Europe could be inundated with as many as 20 million African migrants over the coming years, the president of the European Parliament has warned.
Calling for an African Marshall Plan – a reference to the aid package handed to Europe by the U.S. following World War Two – Antonio Tajani has said Europe must also fund the building of refuges in Libya or face an ongoing migrant wave.
“Either we act now or 20 million Africans are going to come to Europe in the coming years,” Tajani told Die Welt.
Plans for migrant detention camps in Libya, where migrants can have their asylum claims processed before making the trip across the Mediterranean Sea, are proving controversial. Tajani said that the centres “will not be concentration camps”, explaining migrants will be able to access food, shelter, and medical treatment there for the months, or even years, it takes to have their claims processed.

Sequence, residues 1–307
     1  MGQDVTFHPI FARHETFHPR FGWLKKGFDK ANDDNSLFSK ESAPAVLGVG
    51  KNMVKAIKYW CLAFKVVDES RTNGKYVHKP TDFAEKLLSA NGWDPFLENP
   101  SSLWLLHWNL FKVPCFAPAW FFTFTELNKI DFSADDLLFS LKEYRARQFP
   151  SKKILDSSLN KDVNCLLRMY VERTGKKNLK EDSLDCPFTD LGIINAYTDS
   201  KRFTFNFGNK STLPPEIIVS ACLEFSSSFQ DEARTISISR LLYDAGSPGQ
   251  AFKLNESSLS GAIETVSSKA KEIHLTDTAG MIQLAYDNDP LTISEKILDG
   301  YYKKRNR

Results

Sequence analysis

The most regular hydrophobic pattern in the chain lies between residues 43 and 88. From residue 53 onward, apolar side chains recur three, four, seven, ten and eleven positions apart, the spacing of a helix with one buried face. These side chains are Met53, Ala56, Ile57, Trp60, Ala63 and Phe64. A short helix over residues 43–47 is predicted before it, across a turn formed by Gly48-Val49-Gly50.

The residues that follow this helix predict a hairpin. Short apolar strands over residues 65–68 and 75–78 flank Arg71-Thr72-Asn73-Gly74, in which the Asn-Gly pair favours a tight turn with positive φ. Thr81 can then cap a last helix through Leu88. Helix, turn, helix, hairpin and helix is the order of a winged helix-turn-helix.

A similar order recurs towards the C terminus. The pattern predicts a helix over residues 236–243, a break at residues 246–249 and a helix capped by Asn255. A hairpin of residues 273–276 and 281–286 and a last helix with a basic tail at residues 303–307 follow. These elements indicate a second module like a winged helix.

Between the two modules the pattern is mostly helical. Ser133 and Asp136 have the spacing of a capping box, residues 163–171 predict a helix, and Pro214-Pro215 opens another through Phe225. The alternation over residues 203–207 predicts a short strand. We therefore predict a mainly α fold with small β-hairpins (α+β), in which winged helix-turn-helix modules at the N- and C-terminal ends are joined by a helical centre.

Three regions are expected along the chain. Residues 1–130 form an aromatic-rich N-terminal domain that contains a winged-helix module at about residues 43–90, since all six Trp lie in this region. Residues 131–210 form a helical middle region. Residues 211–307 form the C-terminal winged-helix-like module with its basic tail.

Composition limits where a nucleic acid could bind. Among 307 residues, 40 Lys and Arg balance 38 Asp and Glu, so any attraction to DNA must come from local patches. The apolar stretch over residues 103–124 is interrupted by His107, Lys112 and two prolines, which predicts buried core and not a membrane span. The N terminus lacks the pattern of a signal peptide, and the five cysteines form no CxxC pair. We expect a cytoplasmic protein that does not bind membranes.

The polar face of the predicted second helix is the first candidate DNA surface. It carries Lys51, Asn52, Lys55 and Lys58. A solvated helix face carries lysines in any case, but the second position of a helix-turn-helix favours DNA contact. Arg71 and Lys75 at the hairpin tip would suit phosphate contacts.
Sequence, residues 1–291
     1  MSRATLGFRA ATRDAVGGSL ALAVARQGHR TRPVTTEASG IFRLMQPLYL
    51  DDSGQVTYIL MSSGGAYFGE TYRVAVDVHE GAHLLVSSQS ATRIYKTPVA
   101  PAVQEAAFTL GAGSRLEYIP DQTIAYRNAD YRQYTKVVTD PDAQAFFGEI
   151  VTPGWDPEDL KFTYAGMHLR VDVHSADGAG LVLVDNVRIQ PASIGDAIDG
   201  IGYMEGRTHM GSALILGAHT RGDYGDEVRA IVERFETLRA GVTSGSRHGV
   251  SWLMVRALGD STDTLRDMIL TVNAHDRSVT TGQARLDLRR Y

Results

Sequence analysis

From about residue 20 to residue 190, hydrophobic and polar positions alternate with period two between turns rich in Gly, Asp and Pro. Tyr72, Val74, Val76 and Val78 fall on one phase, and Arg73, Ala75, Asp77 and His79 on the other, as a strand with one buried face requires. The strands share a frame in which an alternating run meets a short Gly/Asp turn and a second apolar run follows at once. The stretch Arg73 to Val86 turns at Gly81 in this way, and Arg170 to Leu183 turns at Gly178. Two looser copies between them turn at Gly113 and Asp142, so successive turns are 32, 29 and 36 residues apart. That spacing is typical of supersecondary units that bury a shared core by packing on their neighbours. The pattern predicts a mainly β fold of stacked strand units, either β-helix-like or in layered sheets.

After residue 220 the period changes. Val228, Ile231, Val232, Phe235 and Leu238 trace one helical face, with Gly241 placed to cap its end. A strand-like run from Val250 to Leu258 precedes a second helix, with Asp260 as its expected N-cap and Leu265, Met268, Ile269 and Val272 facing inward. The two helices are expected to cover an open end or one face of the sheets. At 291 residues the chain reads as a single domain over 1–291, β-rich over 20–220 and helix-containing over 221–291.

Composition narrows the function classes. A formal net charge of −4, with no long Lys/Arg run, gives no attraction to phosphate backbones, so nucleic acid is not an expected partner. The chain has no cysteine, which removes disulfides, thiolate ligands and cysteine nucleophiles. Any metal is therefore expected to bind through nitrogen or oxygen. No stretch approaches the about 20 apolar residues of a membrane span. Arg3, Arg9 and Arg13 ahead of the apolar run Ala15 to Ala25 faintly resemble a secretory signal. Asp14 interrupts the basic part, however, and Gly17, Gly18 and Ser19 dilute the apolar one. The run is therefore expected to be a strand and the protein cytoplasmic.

The German interior minister, Thomas de Maizière, has signalled his support for the plan. But Foreign Minister Sigmar Gabriel (SPD) has voiced opposition to the camps, telling a meeting of EU foreign ministers that Libya is “a very precarious place”.
Human rights groups have also opposed the idea, questioning whether the migrants would get a fair asylum hearing. “There will be no right-wing, individual and fair trial of asylum applications under European law in North African camps,” the German human rights group Pro Asyl said.
Among European leaders and NGOs, the ‘African Marshall Plan’ idea is less controversial. Plans are already underway to send billions in aid to African countries for education, agricultural modernisation, and infrastructure building in an attempt to deliver stability and democracy.
The European Commission has already agreed to send €62 billion in aid to a number of African countries including Mali, Nigeria, and Sudan in the hopes that better conditions at home will dissuade African economic migrants from making the trip north into Europe.
However, with Germany already on the hook for an extra €4.5 billion in European Union contributions in 2019, and the same again in 2020, and with youth unemployment rates in some member states still over 40 per cent, it remains to be seen whether the taxpayers of Europe will agree to have ever increasing amounts of their cash spent in this way.